Wednesday, September 19, 2012

Ferenc Nemeth Triumph The Interview!

A stellar release from 2012, drummer Ferenc Nemeth is charting a new direction for jazz and I was fortunate enough to sit down and discuss his latest release Triumph!

What is the inspiration behind Triumph and how easy or hard was it to put together such an all star lineup as you have done here?

F.N. - "The inspiration for this album was conceived to express the experiences of our lives, my life, the experiences we live and how we feel. I wanted to capture those things and express them through music. It took me quite some time to put together this band. I think I was planning it for all most a year. Finally, Lionel and I, all most missed the recording date, because we were on tour in Europe and the day before we flew back, the volcanic eruption in Iceland started. So, we just went to the airport in Rome, and got ourselves tickets hours before the flight and came back to New York via Morocco...that was crazy, but we made it. (Of course our luggage didn't).

According to the press release the compositional approach was similar to that of a more traditional Classical symphony. As a jazz drummer was it or is it more difficult to score music in this fashion?

F.N. - "I think composing does not make any difference, because the concept came later. I wrote the songs according to what I felt and later I decided that I wanted to connect them, to make it sound like a symphony. As a drummer, I think I compose a bit differently that other musicians, but not necessarily because of the instrument. I studied piano for about 15 years, I can also play basic guitar and bass. But the difference is that I studied classical piano, so I do not write as a jazz improviser and think about what chord progression would be fun to improvise on. I think about the songs and most importantly the melody. Everything else comes later."

Having reviewed well over 800 recordings this year, Triumph sticks out with perhaps one of the most unique sounds for 2012. What do you hope the listener takes away from the experience? There is an incredible organic warmth to this recording. Can we expect more in the future in terms of conceptual content from you?

F.N. - "Thank you for the compliment, I really appreciate it! The sound is the first thing we hear, before rhythm, melody, harmony ...etc. I wanted to create a very specific sound with this recording, something that has not been done much before and I am planning to get deeper in this. I hope that the music will take the listener on a journey. I wrote the songs with this specific emotional state in mind, but in the end, everybody has to feel what they want. And actually, as long as I make the listener feel something, I am happy. I think that's one of the most important aspects of music."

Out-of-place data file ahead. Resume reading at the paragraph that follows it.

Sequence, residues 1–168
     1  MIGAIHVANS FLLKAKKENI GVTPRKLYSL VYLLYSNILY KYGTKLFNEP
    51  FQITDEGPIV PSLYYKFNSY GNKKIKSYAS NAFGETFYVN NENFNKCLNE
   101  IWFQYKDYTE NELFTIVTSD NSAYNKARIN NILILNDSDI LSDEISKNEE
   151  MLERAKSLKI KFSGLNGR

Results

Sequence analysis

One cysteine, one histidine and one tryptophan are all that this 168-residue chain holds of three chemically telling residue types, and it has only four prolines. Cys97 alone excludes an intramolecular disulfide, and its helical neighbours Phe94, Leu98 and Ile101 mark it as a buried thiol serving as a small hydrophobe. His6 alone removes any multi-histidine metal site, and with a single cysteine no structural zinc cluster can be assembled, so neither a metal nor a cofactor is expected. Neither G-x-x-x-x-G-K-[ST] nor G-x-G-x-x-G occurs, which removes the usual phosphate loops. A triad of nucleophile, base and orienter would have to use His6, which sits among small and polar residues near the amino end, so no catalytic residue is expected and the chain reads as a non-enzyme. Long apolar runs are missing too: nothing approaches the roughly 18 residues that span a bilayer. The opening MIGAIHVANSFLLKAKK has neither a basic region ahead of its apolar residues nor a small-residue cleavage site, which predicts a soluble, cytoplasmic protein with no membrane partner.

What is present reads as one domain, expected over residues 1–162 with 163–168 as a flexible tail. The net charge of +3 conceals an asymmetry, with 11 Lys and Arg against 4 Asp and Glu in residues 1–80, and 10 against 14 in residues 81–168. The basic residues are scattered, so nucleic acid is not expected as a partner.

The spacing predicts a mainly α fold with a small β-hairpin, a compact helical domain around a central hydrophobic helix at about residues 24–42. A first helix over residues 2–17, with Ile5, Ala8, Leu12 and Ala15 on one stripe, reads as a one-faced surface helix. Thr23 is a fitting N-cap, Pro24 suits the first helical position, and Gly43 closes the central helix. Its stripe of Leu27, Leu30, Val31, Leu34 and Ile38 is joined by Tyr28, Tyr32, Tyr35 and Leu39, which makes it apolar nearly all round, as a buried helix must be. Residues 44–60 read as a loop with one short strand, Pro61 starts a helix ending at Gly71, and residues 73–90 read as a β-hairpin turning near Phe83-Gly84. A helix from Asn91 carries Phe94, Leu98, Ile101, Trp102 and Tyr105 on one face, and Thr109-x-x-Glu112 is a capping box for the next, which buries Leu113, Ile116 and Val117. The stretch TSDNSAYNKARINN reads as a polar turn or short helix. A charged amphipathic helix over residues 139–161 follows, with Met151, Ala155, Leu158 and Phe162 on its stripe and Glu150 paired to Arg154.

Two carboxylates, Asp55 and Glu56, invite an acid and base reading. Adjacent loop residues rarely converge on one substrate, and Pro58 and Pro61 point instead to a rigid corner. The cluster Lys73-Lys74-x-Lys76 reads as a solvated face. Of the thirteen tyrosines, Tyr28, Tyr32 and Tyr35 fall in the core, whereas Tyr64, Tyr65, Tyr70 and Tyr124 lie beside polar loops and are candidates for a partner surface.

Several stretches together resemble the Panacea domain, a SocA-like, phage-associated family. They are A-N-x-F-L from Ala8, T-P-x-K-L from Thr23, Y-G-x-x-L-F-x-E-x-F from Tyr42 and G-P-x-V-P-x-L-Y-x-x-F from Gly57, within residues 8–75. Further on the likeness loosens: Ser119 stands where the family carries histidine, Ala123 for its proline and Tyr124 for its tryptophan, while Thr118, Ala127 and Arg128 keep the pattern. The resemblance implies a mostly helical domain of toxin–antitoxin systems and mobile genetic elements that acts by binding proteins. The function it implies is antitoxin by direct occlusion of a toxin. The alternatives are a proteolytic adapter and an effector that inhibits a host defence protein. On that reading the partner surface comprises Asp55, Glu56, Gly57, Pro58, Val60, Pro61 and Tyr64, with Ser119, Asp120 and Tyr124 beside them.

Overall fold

How did you view your roll in this jazz collective? You play with a great deal of finesse and allow the music to literally drive itself. Am I on to something?

F.N. - "Well the first thing and most important thing is the music. I feel that music is bigger than any of us, it exists and we are just lucky to be able to tap into that pool, where we can get our share of it. Do you know what I mean? Even thought this is my band, I wanted to let everyone express themselves. I wrote the music, I created the opportunity for us to record and perform...but really all the musicians are incredible on this album. So, when we play/played, I feel like I did not have to do much. With a great band, the music tells you what you have to do."

Finally...Will there be some sort of follow up and who are your favorite drummers across any genre?

F.N. - " Yes, there will be a follow up and I am all ready planning things, so next year again it can be realized. I have a few different plans, but right now they are all secrets :)

It's hard to name my favorite drummers, because there are different things that I like about different drummers, but I'll try to give you a short list. Do not be surprised, I love all most all the drummers that everyone does. Some are: Tony Williams ( for his creativity), Elvin Jones (for the amazing sound), Jack DeJohnette (for the incredible feel), Jeff "Tain" Watts (for his rhythmic complexity), Brian Blade (for his touch and for his sense of when to play and when not), Steve Jordan (for his grooves), Will Kennedy (for adapting the African rhythms and making them his own), Steve Gadd (for playing the same groove for 5 minutes and always making it sound different). I could go on and on, but I think this gives you an idea.

F.N. - "Thank you again for the opportunity to interview with you and thank you for listening to Triumph!"

I do want to publicly thank Ferenc Nemeth and you can check out my review of Triumph below: